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Pay home loan and HDB housing grant fast?

Thursday, January 25, 2018

Reader says...
I hope you bear with me while I share the info about it - resale flat was purchased at 480k and I got a hdb housing grant of 50k for 1st timer.

My fiancee and myself went for a bank loan instead of hdb loan.

The loan principle I have to service is 384k.

I would really appreciate your advice/guidance to my following questions:

a. I thought of repaying my housing loan using cash instead of cpf.

I think this is still manageable from my side from a cash liquidity perspective since I could save on the chargeable accrued interest (at the point of future flat sale) and at the same time continue to earn the 2.5% int.

What do you think about this approach in terms of pros/cons?

b. I took the housing grant of 50k which I know will be charged accrued interest.

I'm not sure how accrued interest is charged on this 50k but is it considered wise if I try to repay this?

Or in actual fact, it doesn't make a difference because it will net off from the interest that I earned for the OA that continues to reside in my cpf account?

c. If at any point in time I thought of partial loan repayment to my bank, say a sum of 30k in cash every beginning of the year so that principal amount will reduce and I look to repay the full loan in 7 to 10 years.

What do you think about this approach and possibly the risks that go with it?

Many thanks in advance, and I really appreciate your feedback and suggestions.

AK says...
As long as your home loan attracts an interest rate of less than 2.5%, it makes sense to pay your loan with cash instead of using money in your OA.

(I would also add that as long as money in your savings account is paid less interest than the interest paid by the OA, it makes sense to pay your loan with cash.)

If you have no intention of ever selling your HDB flat, you can worry less about accrued interest on OA money used or the grant as long as you hit the prevailing full retirement sum (FRS) by the time you are 55.

By 55, you can withdraw all money from your OA and SA in excess of the FRS.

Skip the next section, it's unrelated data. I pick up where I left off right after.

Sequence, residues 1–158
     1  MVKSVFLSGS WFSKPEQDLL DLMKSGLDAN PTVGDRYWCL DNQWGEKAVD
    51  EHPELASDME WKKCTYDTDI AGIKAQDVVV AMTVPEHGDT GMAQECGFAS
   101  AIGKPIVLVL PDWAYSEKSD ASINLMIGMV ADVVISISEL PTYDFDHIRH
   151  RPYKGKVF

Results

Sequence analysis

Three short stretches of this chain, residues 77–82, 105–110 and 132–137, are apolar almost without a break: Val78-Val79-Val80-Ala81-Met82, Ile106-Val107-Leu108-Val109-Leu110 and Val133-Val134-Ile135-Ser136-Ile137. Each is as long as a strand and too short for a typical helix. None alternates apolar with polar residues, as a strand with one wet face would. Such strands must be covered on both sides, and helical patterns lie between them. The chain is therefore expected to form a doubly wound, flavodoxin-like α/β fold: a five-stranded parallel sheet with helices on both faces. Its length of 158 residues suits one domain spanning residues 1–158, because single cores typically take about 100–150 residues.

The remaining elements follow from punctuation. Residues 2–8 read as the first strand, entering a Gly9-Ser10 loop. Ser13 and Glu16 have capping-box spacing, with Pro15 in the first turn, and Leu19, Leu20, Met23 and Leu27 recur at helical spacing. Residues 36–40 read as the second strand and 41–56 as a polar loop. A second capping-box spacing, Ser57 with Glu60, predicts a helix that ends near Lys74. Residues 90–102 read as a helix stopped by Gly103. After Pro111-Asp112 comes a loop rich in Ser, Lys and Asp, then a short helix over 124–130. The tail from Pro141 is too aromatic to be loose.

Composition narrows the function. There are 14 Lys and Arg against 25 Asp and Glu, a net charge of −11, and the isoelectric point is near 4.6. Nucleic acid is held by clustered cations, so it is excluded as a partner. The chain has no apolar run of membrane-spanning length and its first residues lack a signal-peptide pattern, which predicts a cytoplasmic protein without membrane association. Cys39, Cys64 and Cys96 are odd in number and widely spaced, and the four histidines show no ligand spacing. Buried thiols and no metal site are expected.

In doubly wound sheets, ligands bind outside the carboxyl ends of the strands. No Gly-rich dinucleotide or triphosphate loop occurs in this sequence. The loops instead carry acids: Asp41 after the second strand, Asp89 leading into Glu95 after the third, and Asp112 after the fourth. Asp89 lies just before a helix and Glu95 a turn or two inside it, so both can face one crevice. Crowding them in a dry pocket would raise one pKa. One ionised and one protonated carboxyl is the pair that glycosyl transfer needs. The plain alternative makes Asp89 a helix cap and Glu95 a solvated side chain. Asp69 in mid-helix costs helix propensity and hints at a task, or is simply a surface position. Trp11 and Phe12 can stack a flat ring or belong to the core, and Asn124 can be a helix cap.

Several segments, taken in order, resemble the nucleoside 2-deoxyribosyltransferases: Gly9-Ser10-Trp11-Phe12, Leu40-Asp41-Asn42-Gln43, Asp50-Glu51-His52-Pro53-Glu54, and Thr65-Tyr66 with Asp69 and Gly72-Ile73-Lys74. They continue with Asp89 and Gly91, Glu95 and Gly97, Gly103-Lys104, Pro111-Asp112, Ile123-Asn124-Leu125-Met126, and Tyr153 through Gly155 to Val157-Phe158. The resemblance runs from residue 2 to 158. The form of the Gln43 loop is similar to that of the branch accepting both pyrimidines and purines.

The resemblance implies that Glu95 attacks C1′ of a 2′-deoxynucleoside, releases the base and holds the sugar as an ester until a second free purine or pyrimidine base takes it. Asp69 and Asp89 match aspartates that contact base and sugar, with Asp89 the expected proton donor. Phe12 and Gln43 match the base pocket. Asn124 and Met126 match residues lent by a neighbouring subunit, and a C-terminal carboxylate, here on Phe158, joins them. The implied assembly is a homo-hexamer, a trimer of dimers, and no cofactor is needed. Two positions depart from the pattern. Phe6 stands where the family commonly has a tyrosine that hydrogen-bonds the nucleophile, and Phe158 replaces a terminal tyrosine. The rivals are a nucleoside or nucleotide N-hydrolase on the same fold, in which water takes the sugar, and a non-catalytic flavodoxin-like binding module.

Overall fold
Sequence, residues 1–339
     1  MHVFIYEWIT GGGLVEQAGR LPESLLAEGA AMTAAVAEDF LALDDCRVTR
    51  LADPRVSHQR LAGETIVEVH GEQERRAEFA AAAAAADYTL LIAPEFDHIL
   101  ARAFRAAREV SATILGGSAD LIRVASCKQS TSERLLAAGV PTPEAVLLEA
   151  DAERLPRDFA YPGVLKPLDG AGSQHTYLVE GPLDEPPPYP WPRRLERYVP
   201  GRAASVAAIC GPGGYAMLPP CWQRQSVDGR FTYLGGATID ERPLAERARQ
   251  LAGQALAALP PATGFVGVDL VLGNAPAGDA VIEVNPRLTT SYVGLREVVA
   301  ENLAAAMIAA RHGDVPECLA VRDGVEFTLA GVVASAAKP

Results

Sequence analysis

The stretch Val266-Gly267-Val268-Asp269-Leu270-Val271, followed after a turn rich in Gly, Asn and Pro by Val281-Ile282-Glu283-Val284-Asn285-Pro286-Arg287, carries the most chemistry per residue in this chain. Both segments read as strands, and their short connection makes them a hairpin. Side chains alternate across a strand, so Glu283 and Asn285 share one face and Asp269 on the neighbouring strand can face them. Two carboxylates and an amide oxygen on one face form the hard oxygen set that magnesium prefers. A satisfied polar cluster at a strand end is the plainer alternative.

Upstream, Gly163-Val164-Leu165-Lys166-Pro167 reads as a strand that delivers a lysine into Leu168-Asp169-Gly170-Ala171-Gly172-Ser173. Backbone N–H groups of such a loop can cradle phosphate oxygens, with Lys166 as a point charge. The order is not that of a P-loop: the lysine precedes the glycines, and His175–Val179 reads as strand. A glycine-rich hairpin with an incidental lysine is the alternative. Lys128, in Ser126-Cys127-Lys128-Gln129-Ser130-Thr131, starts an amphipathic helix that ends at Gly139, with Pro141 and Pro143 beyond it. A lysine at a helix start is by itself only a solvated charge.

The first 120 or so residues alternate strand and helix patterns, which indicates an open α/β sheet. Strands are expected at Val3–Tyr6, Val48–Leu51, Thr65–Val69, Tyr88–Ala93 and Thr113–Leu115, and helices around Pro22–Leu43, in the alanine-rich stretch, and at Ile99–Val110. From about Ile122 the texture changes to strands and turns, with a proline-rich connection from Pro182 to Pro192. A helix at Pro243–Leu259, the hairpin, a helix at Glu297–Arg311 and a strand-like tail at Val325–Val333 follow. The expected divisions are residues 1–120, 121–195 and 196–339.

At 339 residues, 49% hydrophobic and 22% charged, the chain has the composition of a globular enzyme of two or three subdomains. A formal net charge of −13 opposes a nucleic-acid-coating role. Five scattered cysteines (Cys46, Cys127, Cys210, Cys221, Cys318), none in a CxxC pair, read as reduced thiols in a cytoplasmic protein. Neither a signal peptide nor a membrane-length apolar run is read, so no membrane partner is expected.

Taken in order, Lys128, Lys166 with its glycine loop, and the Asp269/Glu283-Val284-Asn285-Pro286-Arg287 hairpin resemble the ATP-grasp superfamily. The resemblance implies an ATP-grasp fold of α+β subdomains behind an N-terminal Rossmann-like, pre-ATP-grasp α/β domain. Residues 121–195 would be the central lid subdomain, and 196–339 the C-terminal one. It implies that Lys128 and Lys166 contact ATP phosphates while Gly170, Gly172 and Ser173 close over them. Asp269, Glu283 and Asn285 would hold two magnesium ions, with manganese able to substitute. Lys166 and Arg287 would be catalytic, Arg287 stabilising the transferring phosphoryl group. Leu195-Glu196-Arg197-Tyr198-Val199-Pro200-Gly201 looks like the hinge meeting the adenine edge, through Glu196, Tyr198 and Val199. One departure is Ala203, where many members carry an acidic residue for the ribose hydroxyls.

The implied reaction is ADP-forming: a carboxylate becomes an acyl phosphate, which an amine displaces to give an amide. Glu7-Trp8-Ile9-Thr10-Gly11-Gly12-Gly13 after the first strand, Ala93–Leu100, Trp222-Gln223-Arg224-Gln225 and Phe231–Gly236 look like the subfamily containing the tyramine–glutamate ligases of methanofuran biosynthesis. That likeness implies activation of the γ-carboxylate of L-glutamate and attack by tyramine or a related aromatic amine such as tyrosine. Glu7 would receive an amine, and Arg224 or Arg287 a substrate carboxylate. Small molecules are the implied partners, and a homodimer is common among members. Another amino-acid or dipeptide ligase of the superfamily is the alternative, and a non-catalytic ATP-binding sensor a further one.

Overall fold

So, if you were to sell the HDB flat after you turn 55, you could take out all the money which includes the accrued interest you owe your CPF account.

It would be like asking you to put in money only to immediately take it out again.

Partial capital repayment makes sense when interest rate goes much higher.

When exactly to do that?

It is up to you as it should also partially depend on what you feel you could get if you were to invest the money instead.

I remember when I paid the housing loan for my previous home in full, the interest rate on the loan went from 4.1% to 5.1%.


Congratulations on your new home.

Related posts:
1. How to stop accrued interest from growing?
2. Almost 55 and worried about CPF.


laurence said...

ASSI now looks like a CPF Advisory Service. Lol.

AK71 said...

Aiyoh. I anyhow talking only one lah.

GP Blogger said...

If I understand correctly, banks do charge some penalty for early repayment.
However if the money can be saved in a high interest account, we can reduce the tenure at the refinancing & pay a higher EMI using the saved money.
I have managed to reduce my tenure from 30 to 12 years in 7 years with 2 refinances & 3rd on the way.
It is not very impressive but I am on the way to being loan free in a few years

AK71 said...

Hi GP,

It depends on what we signed up for.

My home loan had no penalty for early repayment.

Usually, those who signed up for fixed rates have lock in periods and should be aware of any penalties or claw back of legal subsidies.

Debt free is a very attractive idea. ;)

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